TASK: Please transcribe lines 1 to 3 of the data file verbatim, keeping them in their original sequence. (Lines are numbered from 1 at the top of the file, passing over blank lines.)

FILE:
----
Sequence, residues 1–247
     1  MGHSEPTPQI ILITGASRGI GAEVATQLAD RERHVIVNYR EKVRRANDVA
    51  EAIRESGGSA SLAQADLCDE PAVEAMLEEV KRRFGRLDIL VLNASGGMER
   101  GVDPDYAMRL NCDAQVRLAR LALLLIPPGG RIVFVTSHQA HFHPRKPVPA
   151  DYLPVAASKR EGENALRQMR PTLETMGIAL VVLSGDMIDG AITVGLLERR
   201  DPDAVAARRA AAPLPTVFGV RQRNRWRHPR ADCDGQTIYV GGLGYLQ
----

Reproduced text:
Sequence, residues 1–247
     1  MGHSEPTPQI ILITGASRGI GAEVATQLAD RERHVIVNYR EKVRRANDVA
    51  EAIRESGGSA SLAQADLCDE PAVEAMLEEV KRRFGRLDIL VLNASGGMER